Last week I published a rundown of the amazing value that you can get out of Alaska Airlines Mileage Plan. The program has so many redemption sweet spots, and it's one of the most outstanding programs around in that regard.
However, what makes Mileage Plan especially compelling for Canadians is how it has a co-branded credit card right here in Canada, which is unusual for a US airline. In fact, none of the "big three" legacy carriers – American, United, or Delta – offer co-branded Canadian credit cards (I believe Delta had one not long ago, but it was discontinued).
What's more, the MBNA Alaska Airlines MasterCard is actually one of the top credit cards for travel rewards in the Canadian marketplace, due to its strong signup bonus, low (net) annual fee, and easy approval requirements. Let's discuss in detail.
The MBNA Alaska Airlines MasterCard offers 25,000 miles in the Mileage Plan program upon spending $1,000 within the first 90 days of account opening. The annual fee of $75 is not waived, although by applying through Great Canadian Rebates, you get an instant rebate of $60 for signing up the card. That means that the net annual fee is just a paltry $15, which is an incredibly low price to pay for 25,000 Alaska miles.
As a point of reference, 25,000 miles can be used for up to five one-way flights between Seattle and either Vancouver or Calgary, on Alaska Airlines flights. Or, they can go towards a first-class ticket on Cathay Pacific or Japan Airlines. Check out the full guide for more.
Another awesome perk of this card is that every year you get one round-trip companion fare from US$121 ($99 plus taxes and fees from $22) on Alaska and Virgin America flights, with no blackout dates. Since it's a companion fare, it's best used for travelling as a duo: you have to book one round-trip somewhere on the Alaska route network, then you apply the companion fare to the booking to add the second passenger for just US$121.
The companion fare can be great for those of you living in cities serviced by Alaska (in Canada, that's only Vancouver or Calgary). It'll be less useful for those of us on the East Coast, for example, though if you spend a fair amount of time in the US, it can still be a valuable perk.
With the MBNA Alaska Airlines MasterCard, you'll earn 3 miles per dollar spent on Alaska Airlines airfare and vacation packages, and 1 mile per dollar spent on all other purchases.
As far as Canadian credit cards go, this card isn't the best option for daily spending. Cards like the American Express Gold Rewards Card offer 2x points on gas, groceries, and travel purchases. Meanwhile, other cards like the American Express SPG Card allows you to earn more valuable points currencies like Starpoints. However, by virtue of being a MasterCard, you'll find that the Alaska card is accepted at more locations than any of your American Express cards, so it can be a good backup option to keep in your wallet.
Here's where the card pales in comparison to some of the other good travel rewards credit cards in the marketplace. Unlike the American Express cards I've talked about so far, the MBNA Alaska Airlines MasterCard doesn't offer much in the way of travel insurance. It doesn't have emergency medical insurance, flight delay and trip cancellation insurance, purchase protection, or any of that good stuff.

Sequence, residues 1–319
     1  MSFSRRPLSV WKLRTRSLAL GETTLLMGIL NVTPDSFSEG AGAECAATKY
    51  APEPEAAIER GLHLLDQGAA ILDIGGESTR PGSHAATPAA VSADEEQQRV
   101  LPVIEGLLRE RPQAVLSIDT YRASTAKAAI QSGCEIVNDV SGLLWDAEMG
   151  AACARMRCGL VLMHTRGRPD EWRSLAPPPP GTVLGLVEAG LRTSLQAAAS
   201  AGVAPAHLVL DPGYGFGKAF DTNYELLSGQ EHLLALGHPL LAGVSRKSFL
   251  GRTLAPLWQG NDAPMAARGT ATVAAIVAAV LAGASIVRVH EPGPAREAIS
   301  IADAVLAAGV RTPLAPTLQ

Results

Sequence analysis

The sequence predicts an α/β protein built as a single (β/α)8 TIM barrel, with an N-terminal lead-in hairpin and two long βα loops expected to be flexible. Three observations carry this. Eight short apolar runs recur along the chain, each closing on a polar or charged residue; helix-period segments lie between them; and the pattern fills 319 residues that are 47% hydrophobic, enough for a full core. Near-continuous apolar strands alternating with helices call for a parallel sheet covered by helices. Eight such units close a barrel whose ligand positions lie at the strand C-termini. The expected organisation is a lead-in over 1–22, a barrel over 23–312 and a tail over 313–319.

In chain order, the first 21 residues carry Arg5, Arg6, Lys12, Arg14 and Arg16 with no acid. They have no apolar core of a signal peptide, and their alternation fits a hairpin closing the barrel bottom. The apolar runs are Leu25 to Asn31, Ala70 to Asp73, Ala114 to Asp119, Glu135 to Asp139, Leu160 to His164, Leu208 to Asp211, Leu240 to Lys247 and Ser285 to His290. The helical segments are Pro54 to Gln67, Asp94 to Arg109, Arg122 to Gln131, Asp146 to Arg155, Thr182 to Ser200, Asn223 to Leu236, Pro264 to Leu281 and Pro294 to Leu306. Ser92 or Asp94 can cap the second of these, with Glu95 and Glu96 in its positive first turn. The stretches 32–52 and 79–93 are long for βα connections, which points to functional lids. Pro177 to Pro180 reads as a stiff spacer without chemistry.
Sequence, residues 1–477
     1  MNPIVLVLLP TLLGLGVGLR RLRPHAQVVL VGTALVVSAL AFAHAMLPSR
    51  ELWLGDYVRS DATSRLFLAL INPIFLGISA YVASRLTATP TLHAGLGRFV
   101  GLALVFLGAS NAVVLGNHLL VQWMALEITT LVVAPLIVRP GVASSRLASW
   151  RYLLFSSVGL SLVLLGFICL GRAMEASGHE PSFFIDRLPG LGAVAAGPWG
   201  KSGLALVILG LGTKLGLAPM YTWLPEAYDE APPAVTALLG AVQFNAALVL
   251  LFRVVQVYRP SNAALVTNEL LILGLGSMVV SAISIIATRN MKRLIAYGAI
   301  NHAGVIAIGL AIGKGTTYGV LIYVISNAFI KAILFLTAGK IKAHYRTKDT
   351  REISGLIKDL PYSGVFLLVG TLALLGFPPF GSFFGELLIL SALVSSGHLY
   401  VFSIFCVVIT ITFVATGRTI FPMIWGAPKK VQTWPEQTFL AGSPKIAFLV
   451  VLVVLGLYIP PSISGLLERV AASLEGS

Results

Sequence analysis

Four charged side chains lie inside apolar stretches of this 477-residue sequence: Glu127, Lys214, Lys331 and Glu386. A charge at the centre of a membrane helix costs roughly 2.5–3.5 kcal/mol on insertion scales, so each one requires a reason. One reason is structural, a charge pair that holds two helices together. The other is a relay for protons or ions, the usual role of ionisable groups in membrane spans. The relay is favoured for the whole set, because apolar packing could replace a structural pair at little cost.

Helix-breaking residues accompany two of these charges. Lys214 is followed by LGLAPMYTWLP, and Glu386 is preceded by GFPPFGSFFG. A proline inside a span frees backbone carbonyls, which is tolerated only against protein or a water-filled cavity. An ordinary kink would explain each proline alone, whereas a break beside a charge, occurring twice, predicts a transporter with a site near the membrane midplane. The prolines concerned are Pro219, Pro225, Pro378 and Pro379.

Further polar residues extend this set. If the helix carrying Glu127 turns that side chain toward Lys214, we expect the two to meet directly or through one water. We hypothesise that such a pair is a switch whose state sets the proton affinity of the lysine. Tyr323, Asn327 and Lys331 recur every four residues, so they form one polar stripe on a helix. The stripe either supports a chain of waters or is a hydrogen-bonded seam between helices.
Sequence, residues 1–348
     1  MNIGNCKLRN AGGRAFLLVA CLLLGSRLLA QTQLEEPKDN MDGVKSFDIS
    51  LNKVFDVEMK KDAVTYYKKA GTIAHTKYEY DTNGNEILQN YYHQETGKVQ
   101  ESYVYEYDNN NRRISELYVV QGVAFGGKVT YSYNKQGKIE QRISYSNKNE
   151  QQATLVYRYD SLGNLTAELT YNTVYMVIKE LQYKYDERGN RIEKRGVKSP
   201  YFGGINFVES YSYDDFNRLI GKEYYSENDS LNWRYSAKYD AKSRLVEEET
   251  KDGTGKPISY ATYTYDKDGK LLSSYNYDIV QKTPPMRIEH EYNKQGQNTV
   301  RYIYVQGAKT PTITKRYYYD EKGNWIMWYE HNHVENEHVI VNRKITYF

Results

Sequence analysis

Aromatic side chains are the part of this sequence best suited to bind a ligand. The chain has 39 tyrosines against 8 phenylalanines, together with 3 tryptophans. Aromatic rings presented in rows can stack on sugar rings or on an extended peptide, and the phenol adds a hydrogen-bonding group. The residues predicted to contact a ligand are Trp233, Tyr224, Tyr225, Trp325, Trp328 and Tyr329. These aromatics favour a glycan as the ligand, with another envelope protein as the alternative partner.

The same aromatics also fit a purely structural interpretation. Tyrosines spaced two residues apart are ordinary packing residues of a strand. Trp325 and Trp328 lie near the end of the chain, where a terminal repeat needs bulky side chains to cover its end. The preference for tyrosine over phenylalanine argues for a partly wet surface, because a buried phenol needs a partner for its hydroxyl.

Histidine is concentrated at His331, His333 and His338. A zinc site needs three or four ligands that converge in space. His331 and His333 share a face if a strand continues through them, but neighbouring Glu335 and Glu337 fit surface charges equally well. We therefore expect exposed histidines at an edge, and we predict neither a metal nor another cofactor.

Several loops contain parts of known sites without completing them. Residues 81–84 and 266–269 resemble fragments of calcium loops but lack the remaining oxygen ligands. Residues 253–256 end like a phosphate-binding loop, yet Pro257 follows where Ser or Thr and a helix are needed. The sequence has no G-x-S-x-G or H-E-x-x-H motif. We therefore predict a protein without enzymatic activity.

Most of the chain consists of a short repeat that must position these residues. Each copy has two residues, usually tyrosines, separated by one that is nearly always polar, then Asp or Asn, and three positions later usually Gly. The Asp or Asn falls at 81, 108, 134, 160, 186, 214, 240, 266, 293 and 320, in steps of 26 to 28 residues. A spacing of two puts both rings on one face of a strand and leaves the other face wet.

For that reason, this card is best suited for simply signing up, meeting the minimum spend requirement, grabbing the points, and then leaving it in the back of your wallet for small purchases here and there. It's not really optimal to use this card for large purchases or to book travel – use the Platinum Card or the Gold Rewards Card for that instead.
You might have seen this card marketed as the MBNA Alaska Airlines World Elite MasterCard. While it's true that the World Elite card has a minimum income requirement of $80,000 in personal annual income or $150,000 in household income, the good news is that if you don't meet this requirement, MBNA will automatically consider your application for the Platinum Plus version of the card, which has exactly the same signup bonus of 25,000 miles!
This means that the income requirement effectively counts for nothing, since you'll get the 25,000 bonus miles after spending $1,000 regardless of whether you receive the World Elite or the Platinum Plus edition of the card.
It's also very easy to get approved for this card (and any MBNA card in general). Even if your initial application comes back declined, if have an existing MBNA credit card and you give the MBNA credit department a call, they are more than happy to shift your available credit around in order to approve you.
For example, say you had an existing MBNA cashback card with a credit limit of $5,000. If your application for the MBNA Alaska Airlines MasterCard gets declined, you can call in, tell them that you're "not seeking new credit", but would merely like to move $2,500 of your existing $5,000 credit limit to this new card. They will usually be more than happy to approve you via this channel.
Apply through Great Canadian Rebates, via the link below, to get the $60 rebate (the highest rebate available), making your net outlay only $15.
If you don't already carry the MBNA Alaska Airlines MasterCard in your wallet, pick one up now! Acquiring 25,000 Alaska miles for just $15 out-of-pocket is an irresistible deal, and one you should definitely take advantage of if you want to get the most out of Alaska Airlines Mileage Plan. Best of all, the card is easily "churnable", which allows you to really rack up the Alaska miles in a short period!